MELBOURNE, Jan 26, 2010 (AFP) - Justine Henin's dream run in her first Grand Slam on the comeback trail gathered pace Tuesday as she powered into the Australian Open semi-finals where she will face China's Zheng Jie.
The 27-year-old decided to return to tennis after seeing fellow Belgian Kim Clijsters win the US Open last year, and she has more than justified the faith of organisers here who handed her a wildcard.
|Zheng Jie has a drink between games while playing against Maria Kirilenko of Russia in their women's singles quarter-final match on day nine of the Australian Open in Melbourne on January 26, 2010. AFP PHOTO|
The draw opened up for her nicely when Clijsters was knocked out in the third round and Henin has seized the opportunity, using her vast experience to down determined Russian 19th seed Nadia Petrova 7-6 (7/3), 7-5.
She now faces the dangerous Zheng, who destroyed unseeded Russian Maria Kirilenko 6-1, 6-3, for a place in her 12th Grand Slam final.
Zheng is in her first Australian semi-final, matching her run at Wimbledon 2008, and with Li Na also still in the tournament, Chinese tennis is on a high.
Li plays sixth seed Venus Williams in the other quarter-final on Wednesday, while defending champion Serena Williams takes on seventh seed Victoria Azarenka of Belarus.
"Henin for me is such a good player, she is so strong mentally," said Zheng, who was far too good for Kirilenko, who played with her left thigh heavily strapped and was clearly struggling in the heat.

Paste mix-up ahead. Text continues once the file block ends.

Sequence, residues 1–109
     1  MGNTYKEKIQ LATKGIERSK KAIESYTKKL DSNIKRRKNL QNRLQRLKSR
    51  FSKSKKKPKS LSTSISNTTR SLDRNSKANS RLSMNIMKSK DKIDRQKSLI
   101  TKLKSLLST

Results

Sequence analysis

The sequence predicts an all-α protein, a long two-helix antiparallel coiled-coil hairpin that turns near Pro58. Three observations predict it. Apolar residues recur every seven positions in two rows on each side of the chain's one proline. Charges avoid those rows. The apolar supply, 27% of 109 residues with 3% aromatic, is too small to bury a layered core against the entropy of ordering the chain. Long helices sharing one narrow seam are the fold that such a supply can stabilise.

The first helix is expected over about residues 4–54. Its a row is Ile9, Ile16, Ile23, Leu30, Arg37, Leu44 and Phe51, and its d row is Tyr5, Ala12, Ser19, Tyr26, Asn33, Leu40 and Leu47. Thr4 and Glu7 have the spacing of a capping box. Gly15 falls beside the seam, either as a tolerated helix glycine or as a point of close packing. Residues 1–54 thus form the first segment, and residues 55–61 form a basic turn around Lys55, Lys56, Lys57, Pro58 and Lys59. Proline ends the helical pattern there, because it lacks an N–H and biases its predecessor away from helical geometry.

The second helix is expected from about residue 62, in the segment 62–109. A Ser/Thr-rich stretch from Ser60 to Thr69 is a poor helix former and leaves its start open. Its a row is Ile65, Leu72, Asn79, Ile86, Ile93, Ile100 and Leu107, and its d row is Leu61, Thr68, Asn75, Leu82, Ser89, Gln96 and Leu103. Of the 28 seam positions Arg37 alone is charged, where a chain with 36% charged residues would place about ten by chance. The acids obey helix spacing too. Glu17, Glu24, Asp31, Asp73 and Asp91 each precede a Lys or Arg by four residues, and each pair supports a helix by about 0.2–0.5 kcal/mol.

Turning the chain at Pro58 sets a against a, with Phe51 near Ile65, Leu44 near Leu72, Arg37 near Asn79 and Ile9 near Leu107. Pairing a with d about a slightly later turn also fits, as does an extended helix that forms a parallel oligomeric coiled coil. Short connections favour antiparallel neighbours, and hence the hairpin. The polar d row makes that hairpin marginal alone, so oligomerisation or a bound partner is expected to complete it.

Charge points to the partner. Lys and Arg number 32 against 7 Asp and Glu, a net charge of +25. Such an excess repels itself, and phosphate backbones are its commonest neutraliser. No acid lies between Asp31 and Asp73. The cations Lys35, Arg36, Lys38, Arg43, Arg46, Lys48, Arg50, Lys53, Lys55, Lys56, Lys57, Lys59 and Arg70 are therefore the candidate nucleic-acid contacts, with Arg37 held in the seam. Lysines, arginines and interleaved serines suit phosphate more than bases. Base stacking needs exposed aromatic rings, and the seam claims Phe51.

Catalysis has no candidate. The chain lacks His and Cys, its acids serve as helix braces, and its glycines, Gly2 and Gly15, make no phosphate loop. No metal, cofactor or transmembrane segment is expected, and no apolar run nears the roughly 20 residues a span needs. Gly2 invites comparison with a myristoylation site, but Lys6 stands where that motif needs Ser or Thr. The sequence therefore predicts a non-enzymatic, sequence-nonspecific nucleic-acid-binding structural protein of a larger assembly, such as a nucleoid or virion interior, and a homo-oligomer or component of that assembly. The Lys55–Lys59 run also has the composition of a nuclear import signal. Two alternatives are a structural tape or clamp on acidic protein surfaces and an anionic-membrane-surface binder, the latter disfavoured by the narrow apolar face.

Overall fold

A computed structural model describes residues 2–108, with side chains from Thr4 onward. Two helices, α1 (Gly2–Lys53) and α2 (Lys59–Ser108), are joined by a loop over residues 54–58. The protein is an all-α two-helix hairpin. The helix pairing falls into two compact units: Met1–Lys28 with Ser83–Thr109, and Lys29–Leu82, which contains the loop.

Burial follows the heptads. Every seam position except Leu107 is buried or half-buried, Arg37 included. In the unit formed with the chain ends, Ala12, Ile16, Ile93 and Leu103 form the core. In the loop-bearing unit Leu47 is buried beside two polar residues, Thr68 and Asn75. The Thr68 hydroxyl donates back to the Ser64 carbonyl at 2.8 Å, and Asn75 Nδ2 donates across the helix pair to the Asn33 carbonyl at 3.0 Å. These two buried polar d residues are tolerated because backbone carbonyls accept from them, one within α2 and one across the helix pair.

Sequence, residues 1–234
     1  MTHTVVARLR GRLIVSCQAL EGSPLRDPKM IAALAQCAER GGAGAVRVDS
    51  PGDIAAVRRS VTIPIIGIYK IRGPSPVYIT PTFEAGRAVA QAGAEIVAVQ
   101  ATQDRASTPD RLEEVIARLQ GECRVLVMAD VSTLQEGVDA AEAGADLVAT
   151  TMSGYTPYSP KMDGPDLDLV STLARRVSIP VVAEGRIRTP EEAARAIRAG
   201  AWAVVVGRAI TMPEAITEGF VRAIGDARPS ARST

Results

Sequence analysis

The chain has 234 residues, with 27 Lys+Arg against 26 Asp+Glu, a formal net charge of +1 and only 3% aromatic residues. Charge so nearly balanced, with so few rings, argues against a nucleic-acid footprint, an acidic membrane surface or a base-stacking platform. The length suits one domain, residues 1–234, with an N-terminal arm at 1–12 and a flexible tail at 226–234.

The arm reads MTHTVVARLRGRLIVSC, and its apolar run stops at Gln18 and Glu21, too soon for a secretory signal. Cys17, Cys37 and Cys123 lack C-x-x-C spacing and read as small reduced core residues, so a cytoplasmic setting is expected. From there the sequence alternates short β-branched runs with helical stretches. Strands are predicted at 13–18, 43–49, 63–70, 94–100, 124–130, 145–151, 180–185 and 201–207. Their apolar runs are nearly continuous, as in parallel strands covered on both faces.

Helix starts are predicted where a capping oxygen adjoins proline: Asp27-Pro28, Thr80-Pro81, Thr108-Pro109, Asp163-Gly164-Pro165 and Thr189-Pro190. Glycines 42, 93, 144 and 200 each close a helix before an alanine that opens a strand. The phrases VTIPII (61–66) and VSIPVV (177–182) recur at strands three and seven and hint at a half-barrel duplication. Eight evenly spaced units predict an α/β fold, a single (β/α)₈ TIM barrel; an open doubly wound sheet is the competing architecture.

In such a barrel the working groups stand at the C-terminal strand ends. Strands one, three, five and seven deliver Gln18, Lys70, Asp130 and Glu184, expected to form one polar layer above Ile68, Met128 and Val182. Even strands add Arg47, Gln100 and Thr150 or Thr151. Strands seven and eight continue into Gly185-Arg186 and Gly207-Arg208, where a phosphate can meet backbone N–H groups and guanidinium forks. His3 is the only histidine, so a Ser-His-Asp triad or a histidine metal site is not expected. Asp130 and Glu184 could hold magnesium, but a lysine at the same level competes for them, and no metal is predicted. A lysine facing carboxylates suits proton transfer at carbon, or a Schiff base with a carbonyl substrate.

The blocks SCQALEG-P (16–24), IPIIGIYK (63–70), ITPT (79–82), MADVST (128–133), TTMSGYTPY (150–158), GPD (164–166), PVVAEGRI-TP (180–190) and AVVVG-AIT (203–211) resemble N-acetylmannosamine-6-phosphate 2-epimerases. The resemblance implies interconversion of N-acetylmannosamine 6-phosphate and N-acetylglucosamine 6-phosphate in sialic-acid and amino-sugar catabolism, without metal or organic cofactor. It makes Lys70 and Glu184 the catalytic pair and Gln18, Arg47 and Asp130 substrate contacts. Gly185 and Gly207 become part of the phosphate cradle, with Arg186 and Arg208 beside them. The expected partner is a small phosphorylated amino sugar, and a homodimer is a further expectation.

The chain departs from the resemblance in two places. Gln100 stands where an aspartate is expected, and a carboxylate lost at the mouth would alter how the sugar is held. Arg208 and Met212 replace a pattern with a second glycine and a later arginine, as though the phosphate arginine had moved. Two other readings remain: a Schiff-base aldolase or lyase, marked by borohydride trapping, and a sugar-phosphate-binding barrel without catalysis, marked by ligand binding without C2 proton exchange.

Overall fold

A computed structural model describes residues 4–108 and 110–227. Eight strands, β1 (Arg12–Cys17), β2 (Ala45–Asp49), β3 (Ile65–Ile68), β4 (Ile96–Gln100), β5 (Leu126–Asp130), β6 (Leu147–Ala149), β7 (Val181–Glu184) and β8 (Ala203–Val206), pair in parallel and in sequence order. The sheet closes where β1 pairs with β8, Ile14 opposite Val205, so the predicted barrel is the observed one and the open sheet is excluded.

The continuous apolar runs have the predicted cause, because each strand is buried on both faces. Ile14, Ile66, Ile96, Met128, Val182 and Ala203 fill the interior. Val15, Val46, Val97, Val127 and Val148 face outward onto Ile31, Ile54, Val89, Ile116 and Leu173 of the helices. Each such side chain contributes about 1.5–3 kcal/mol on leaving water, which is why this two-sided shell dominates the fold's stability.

"I just want to go out there and enjoy the match and play well."
By reaching the semis, the 26-year-old from Chengdu will return to the top 20 for the first time since June last year.
Henin, whose win made her just the third women's wildcard to reach the semi-final of any Grand Slam after Zheng at Wimbledon in 2008 and Clijsters at last year's US Open, said she was now daring to dream.
"I'm here again in the last four. It's just much more than what I could expect and the dream continues," said Henin, who called it quits in May 2008 after losing her enthusiasm.
"But there's still a long way to go. I'll just try to be focused on what I have to do on the court and hope it keeps going this way.
"I'll have good recovery and two good nights. That's what I need. But it's just a great feeling to be in the semis of the first Grand Slam since I'm back."
She had struggled through long matches in her last three rounds, defying her aching body and an injured left thigh to reach the last eight, and there was little between her and Petrova as they went shot for shot on a hot day.
Henin took the early advantage when she broke in the fifth game, seizing on three double faults to go ahead 3-2.
Petrova broke back three games later but promptly lost her serve, leaving Henin to serve for the first set.
She was unable to do so as Petrova attacked, but the Belgian played a brilliant tiebreaker, opening a 6-1 lead and taking the set in 55 minutes.
The loss of the first set fired up the Russian and she skipped out to a 3-0 lead in the second, breaking Henin twice in the process.
However, the 27-year-old Henin, a renowned fighter, clawed her way back to get the set on even terms.
Then at 5-4 and Petrova serving, Henin attacked again and the Russian faltered, sending a backhand long and ensuring Henin's passage to the final four.
The bottom half of the men's semi-finals will be decided later Tuesday with seventh seeded American Andy Roddick taking on Croatian 14th seed Marin Cilic.
In the marquee night match, defending champion Rafael Nadal looks to end British hopes when he plays fifth seed Andy Murray.